Tag Archive for change

HR & IT: Friends, Foes or Partners?

HatfieldClan-EI recently read The Evolving Workplace: Expert Insights, part of a global project commissioned by Dell and Intel. For the study, TNS Global is exploring key future trends and themes pertaining to the workplace and workforce, with a specific focus on understanding the role that technology has played in its evolution

There is some fascinating information in Report #1 as the researchers outline seven trends and their accompanying hypotheses. Among these trends are Productivity (measured in outputs, not hours), Employee-led Innovation, and a revised view of Employee-Employer trust – labeled ‘Values versus Rules’ by TNS Global. We’ve been discussing these trends in the HR sphere for some time now but it’s interesting to read about them from the side of the IT professionals.

One of the interesting trends identified is one called “Many hats of the IT Manager.” The researchers state that as employee aspirations shift and people seek greater fulfillment and happiness at work, the role of the IT Manager will increasingly align with that of the HR Manager. Their hypothesis further states: “Workplace IT of the future will not merely be a tool to accomplish tasks, but constitute a means of recruiting and retaining staff, of managing well- being, and of facilitating personal and professional development.”

There are some global comparisons noted; the perception of the IT role will vary depending upon whether it is based in the East, West or someplace else, but in any event, the authors believe, IT managers will become increasingly responsible for satisfying the needs of employees.

The authors point out that the IT department has often been viewed as a barrier; implementing and enforcing policies and putting in place regulations that block employee development – rather than assisting or encouraging access to technologies that increase employee efficiency or provide satisfaction.

Our friends in IT are warned that if, for example, they don’t offer choice of device or access to software, tools and technologies desired by employees or applicants the organization will lose in the long run; engagement, talent attraction, retention…you name it.

I wonder how this makes the folks working in IT feel?

Let’s face it; if you work in HR, depending upon your organizational experience, you’ve either been best buddies with your IT manager or viewed him/her as the very embodiment of Satan. Over the last several years, more and more IT Managers have come face to face with empowered HR gals and guys who have pushed for the previously unthinkable.

“She wants a cloud-based HR solution? Let employees bring their iPhone when all we’ve ever supported are corporate issued Blackberrys? Unblock Facebook and YouTube and all those social sites? Has my HR lady lost her mind?” thought Joe the IT Manager.

The skirmishes continue. Within the last several weeks an HR leader told me “I would really like to implement xyz, but our IT Department won’t let me.

Time and budget constraints? Lack of clarity or understanding regarding the business strategies on both sides? Territorial pissing matches?

Undoubtedly all of the above.

But you know what? If you work in HR and are in need of getting some alignment and cooperation from your IT group start with a discussion around these seven trends. Approach the conversation from their perspective. That SHRM Research report you’ve quoted before isn’t going to sway their thinking…but something like this TNS Global report might.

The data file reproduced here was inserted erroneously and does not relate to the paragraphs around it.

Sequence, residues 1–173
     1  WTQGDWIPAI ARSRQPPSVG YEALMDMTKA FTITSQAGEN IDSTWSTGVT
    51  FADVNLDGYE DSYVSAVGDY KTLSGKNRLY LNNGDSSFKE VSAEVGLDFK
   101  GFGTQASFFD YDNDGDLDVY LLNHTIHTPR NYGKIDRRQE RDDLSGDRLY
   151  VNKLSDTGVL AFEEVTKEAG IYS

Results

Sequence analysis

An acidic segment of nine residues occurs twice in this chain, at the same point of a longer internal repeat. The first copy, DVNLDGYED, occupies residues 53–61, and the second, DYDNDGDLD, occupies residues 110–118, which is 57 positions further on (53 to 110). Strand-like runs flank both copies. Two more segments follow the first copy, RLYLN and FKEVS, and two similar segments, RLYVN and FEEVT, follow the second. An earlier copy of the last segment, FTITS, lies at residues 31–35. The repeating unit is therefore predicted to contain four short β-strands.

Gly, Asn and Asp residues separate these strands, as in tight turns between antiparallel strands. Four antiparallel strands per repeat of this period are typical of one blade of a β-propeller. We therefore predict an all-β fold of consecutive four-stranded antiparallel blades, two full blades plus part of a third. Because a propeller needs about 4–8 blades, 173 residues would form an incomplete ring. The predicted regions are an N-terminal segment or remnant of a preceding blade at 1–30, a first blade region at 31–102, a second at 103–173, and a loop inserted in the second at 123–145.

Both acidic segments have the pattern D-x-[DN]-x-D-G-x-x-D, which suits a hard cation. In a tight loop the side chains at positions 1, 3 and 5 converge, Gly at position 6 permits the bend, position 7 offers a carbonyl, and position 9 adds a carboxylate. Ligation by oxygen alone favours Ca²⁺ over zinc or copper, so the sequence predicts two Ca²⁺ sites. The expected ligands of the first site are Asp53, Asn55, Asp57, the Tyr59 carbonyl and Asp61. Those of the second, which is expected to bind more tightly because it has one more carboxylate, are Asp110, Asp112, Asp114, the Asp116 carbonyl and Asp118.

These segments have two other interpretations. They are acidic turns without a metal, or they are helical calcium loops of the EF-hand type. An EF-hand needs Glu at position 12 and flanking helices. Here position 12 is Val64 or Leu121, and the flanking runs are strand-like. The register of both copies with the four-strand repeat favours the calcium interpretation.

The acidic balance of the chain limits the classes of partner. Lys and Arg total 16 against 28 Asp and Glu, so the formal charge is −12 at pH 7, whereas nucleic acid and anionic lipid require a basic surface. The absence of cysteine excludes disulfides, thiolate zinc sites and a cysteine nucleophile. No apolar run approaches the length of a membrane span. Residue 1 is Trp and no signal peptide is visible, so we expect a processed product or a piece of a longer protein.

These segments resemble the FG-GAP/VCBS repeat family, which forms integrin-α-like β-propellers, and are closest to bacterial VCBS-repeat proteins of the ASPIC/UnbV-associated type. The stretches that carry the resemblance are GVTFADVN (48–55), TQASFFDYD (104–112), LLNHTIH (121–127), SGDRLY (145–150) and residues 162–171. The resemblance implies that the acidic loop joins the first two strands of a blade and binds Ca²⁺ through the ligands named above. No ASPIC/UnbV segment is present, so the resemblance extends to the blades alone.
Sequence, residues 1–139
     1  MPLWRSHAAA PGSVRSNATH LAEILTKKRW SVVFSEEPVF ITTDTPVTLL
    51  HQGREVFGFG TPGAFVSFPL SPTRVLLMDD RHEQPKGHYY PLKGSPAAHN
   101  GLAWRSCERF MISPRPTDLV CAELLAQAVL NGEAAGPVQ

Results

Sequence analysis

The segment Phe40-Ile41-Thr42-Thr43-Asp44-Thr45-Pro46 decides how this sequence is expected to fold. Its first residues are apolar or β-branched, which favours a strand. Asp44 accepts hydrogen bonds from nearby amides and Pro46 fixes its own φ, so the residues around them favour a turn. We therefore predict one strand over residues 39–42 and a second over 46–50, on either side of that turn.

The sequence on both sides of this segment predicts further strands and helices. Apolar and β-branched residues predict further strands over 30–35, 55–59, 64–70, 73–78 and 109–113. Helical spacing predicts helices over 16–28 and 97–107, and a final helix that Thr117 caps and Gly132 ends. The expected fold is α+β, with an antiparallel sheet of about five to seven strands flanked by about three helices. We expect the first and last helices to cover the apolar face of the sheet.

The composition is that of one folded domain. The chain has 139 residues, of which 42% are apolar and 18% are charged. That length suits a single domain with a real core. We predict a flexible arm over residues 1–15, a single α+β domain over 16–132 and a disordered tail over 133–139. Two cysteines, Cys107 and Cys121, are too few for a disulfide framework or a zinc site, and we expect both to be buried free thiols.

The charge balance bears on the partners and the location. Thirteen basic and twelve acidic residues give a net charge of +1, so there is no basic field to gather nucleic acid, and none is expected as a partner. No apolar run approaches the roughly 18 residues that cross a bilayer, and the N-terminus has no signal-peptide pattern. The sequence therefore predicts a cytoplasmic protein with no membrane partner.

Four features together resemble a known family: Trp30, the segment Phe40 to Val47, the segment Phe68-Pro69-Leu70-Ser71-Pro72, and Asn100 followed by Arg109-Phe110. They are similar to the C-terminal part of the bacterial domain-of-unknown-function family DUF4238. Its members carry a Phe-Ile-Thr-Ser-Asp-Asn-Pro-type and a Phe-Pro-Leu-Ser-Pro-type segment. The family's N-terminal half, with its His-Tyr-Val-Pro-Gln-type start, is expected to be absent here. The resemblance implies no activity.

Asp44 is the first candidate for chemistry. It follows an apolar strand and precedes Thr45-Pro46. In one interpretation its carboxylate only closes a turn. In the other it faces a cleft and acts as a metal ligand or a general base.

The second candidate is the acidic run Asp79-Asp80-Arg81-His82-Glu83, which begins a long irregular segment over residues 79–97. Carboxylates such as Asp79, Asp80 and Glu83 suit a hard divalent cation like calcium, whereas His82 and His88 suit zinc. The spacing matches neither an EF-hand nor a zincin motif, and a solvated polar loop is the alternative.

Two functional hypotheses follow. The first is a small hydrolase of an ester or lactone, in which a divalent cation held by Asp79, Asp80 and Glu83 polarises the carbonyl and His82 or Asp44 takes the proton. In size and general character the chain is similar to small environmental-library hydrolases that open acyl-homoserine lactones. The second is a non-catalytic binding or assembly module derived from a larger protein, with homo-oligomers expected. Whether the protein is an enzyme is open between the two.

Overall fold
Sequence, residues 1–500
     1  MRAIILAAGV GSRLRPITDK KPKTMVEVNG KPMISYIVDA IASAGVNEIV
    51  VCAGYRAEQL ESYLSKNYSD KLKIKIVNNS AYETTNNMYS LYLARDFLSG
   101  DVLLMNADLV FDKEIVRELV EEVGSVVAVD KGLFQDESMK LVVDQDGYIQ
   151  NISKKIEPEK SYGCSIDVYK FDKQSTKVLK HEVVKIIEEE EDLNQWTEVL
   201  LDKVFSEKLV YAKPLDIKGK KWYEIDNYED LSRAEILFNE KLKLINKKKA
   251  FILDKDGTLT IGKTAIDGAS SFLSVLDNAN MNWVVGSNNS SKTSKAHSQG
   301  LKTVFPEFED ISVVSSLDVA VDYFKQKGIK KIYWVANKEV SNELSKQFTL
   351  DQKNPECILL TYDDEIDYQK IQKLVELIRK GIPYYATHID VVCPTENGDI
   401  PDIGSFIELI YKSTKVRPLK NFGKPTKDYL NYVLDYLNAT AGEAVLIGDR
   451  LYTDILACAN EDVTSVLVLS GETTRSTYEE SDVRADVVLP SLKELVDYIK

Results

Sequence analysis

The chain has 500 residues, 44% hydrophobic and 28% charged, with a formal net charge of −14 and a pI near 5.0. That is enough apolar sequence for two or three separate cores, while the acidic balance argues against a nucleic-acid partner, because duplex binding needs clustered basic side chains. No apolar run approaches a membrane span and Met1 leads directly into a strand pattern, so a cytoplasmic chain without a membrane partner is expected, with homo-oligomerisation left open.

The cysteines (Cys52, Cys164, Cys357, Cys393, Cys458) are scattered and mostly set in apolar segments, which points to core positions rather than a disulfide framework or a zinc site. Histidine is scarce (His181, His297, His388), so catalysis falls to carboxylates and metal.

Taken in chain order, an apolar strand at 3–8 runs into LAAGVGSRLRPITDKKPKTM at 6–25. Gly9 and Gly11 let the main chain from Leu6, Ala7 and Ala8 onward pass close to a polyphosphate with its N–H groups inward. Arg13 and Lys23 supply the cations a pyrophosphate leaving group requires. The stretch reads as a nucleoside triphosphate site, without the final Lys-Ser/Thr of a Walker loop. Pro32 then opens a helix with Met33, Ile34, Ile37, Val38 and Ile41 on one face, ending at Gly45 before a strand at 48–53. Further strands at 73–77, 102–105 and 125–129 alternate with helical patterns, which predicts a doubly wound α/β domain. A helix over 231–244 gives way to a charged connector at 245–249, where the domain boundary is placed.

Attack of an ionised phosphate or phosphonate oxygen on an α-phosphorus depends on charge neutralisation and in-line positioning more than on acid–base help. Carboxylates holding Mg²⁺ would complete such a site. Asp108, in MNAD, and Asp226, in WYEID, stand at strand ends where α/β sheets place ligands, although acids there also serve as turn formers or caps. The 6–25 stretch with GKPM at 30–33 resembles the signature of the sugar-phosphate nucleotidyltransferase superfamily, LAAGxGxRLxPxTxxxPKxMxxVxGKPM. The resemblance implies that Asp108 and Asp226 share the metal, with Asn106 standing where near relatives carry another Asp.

Just gloss over the fact that your IT manager is going to have to start thinking like an HR strategist; that might start a feud akin to the Hatfields & McCoys.

Rock (Hammer), Paper, Scissors

the-shawshank-redemption-escapeI recently had the chance to participate at the inaugural #DisruptHR event in Cleveland.  Described as “an information exchange designed to energize, inform and empower people in the HR field,” the series is taking off thanks to the efforts and support of chief disrupter Chris Ostoich and his group at BlackbookHR.  DisruptHR kicked off last December in Cincinnati and moved on to Denver in April before landing in Cleveland; NEW events are already scheduled for Denver (August 21) and Cincinnati (September 10).

And I absolutely loved it.

There were 14 of us who spoke to the 150 attendees; we each had 5 minutes with 20 slides that auto-advanced every 15 seconds. Ignite style.  It was a fascinating preparation process – defining a grabby topic (provocative and on-the-edge) and finding ways to make the message and content memorable and ‘sticky.’  No time for fluff or filler; every word spoken had to lead the audience to the point and slides/pictures had to reinforce yet not distract.

The gist of my talk was that HR needs to stop collecting things merely for the sake of preservation;  placing them in a dusty and forgotten cabinet of curiosities.  Rather, I opined, we must begin to collect – and use – NEW things: Knowledge (which gives us power), Information (to provide us with options), People (for support), and Ideas (so we can take action and create something new). I also shared some fun facts about Napoleon’s penis.


Friend and fellow disruptor Melissa Fairman wrote a great recap of the event over at HRremix: This Ain’t Yo Momma’s HR Conference and my buddy Steve Boese captured some thoughts on the overall Cleveland and DisruptHR experience in his post Selling your non-glamorous city: 5 observations from 2 days in Cleveland. And yes; the Cleveland Indian’s Social Suite was pretty damn fun!